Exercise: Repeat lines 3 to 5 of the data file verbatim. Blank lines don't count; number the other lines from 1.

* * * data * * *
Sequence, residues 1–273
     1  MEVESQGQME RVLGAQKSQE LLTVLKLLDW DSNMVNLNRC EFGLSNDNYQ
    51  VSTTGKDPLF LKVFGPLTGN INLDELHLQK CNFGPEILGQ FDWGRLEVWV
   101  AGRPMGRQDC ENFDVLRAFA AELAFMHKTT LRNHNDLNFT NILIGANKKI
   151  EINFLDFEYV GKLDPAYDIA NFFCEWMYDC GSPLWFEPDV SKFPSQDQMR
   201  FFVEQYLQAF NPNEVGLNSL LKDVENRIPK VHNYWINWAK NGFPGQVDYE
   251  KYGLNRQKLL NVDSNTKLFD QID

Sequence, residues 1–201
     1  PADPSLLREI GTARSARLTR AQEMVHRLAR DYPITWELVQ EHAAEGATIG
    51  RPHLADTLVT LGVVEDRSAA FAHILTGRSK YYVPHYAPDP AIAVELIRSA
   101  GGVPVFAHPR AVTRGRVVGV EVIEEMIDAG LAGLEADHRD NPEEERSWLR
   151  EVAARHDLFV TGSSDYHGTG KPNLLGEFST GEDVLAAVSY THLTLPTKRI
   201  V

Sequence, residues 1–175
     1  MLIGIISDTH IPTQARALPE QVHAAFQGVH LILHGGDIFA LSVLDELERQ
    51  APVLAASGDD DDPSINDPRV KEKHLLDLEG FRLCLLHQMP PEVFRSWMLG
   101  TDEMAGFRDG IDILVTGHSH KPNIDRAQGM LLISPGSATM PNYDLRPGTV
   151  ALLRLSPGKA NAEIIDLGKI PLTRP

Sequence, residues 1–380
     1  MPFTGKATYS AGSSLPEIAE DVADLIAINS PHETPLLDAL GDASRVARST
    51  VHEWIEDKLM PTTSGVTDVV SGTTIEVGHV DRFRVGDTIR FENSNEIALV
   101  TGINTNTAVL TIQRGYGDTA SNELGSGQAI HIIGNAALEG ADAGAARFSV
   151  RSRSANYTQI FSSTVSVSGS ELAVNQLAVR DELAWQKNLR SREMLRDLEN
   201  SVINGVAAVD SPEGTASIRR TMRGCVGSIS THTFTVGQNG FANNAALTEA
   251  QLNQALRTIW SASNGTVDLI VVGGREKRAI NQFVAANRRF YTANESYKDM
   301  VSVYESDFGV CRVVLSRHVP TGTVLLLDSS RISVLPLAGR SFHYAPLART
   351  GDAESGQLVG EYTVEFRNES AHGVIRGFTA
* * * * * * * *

    51  VSTTGKDPLF LKVFGPLTGN INLDELHLQK CNFGPEILGQ FDWGRLEVWV
   101  AGRPMGRQDC ENFDVLRAFA AELAFMHKTT LRNHNDLNFT NILIGANKKI
   151  EINFLDFEYV GKLDPAYDIA NFFCEWMYDC GSPLWFEPDV SKFPSQDQMR